The Properties High Interest Rates Can’t Touch - Kanebridge News
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The Properties High Interest Rates Can’t Touch

Competition to buy the world’s most exclusive stores is intense despite modest rent growth. Even Blackstone is ogling the market.

Mon, May 20, 2024 9:37amGrey Clock 3 min

Don’t expect any fashion bargains on Rodeo Drive in Beverly Hills, or New York’s Fifth Avenue. And property on these famous luxury shopping streets looks as overpriced as the clothes.

While the average commercial building is worth 20% less than in 2022, the world’s most exclusive shops have barely been touched by the highest U.S. and European interest rates in two decades.

Cartier’s Swiss owner, Compagnie Financière Richemont , recently bought a property on London’s Bond Street at a rock-bottom 2.2% rent yield. Similar to the way bonds work, the lower the rent yield, the richer the price paid. The Bank of England’s base rate is around double this level. Most investors these days wouldn’t buy real estate that generates less income than the cost of debt that might be used to purchase it.

Last month, Blackstone sold a luxury store on Milan’s Via Montenapoleone to Gucci owner Kering for a similarly eye-catching price. The building was part of a portfolio of 14 properties that Blackstone bought in 2021 for 1.1 billion euros, equivalent to roughly $1.2 billion. Kering coughed up €1.3 billion, or about $1.4 billion, for the Via Montenapoleone building alone, equivalent to a 2.5% rent yield.

The private-equity firm is understandably eager to do more deals like this, and has since bought another luxury store in London. It is a surprising focus for Blackstone, which for years steered clear of retail property.

Luxury rents are resilient, but they aren’t rising fast enough to justify such hefty price tags for the buildings. Last year, rents increased 3% on Rodeo Drive and were flat on Upper Fifth Avenue, according to data from Cushman & Wakefield .

What luxury retail properties do offer is scarcity. London’s Bond Street has 150 individual buildings, according to real-estate consulting firm CBRE . But because luxury brands are fussy about where they will open a flagship store, only around two-thirds of the street is considered posh enough, limiting their options.

Supply is even tighter on New York’s Fifth Avenue, where just four or five blocks of the six-mile avenue are ritzy enough to lure the world’s most expensive brands. The luxury shopping district of Rodeo Drive in Los Angeles has fewer than 50 individual buildings.

This creates intense competition for both space and ownership. The world’s biggest luxury company, LVMH , has more than 70 brands that need a foothold on prominent shopping streets. Increasingly, LVMH’s answer is to buy the best locations. The Paris-listed company owns at least six properties on Rodeo Drive and six on London’s Bond Street.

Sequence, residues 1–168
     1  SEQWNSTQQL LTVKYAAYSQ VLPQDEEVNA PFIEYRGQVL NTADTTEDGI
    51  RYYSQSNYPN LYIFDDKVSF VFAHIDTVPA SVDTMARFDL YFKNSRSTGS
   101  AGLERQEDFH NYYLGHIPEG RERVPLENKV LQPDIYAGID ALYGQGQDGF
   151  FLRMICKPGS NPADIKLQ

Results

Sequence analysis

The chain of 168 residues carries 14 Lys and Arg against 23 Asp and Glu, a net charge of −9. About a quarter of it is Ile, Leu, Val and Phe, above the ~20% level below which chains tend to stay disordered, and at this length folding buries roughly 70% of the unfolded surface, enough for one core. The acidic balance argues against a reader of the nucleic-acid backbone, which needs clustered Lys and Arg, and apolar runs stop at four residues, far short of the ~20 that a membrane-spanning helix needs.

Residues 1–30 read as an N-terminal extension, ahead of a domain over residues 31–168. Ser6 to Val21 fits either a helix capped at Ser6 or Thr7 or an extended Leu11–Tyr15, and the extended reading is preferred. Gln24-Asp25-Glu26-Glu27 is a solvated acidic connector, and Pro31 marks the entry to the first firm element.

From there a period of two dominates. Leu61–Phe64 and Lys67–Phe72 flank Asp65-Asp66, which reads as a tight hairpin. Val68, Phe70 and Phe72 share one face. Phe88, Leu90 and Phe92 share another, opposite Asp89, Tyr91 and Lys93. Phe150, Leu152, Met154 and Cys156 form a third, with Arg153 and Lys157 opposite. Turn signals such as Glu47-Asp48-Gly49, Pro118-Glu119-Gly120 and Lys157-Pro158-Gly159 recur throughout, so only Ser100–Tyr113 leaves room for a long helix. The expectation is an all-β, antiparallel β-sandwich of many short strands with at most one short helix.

Luxury brands see their flagship stores as marketing tools. Counterintuitively, e-commerce has made its physical locations more important. Labels including Christian Dior have opened restaurants and mini museums in their boutiques to give shoppers an experience they can’t find online.

When they are investing this much money in refurbishments, it makes more sense to own than to rent . Luxury brands have spent more than $9 billion buying boutiques since the start of 2023, according to a Bernstein analysis, and they control increasingly larger tracts of major shopping districts. Back in 2009, brands owned 15% of the buildings on London’s Bond Street, says Phil Cann, an executive director at CBRE. Today, their share has jumped to 30%.

Luxury labels also need to avoid being kicked out of a property by a rival-turned-landlord, which is happening more often. British handbag maker Asprey was given its marching orders by Hermès on London’s Bond Street. The French brand bought the building that Asprey occupied since the 1840s and wants to convert it into an Hermès flagship. Rolex recently bought a store that is rented out to Patek Philippe, although its competitor doesn’t need to move out any time soon as there are still several years left on the lease.

Most luxury stores are still in the hands of sovereign-wealth funds or rich families who might have owned the buildings for decades. Given the enticing prices that brands are willing to pay despite high interest rates, more are considering cashing out.

Landlords from Hong Kong, who began parking their cash in luxury stores around 2010, are among those selling up. New York real-estate investor Wharton Properties also sold two Fifth Avenue buildings to Kering and Prada this year at very high prices that were equivalent to 2% rent yields. Wharton is experiencing some distress in other parts of its portfolio, so it might have needed to raise funds.

Luxury brands made huge amounts of money during the pandemic. Richemont currently has more than €7 billion of net cash sitting on its balance sheet. Merger and acquisition activity has been quiet, so real estate might be the next-best thing to pour their riches into.

Property deals on the world’s most expensive streets will continue to operate in their own twilight zone, no matter what central bankers do next.


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Home prices declined at a faster pace in May in major cities, while other data show a mixed picture for the world’s second-largest economy

Tue, Jun 18, 2024 3 min

China’s broken housing market isn’t responding to some of the country’s boldest stimulus measures to date—at least not yet.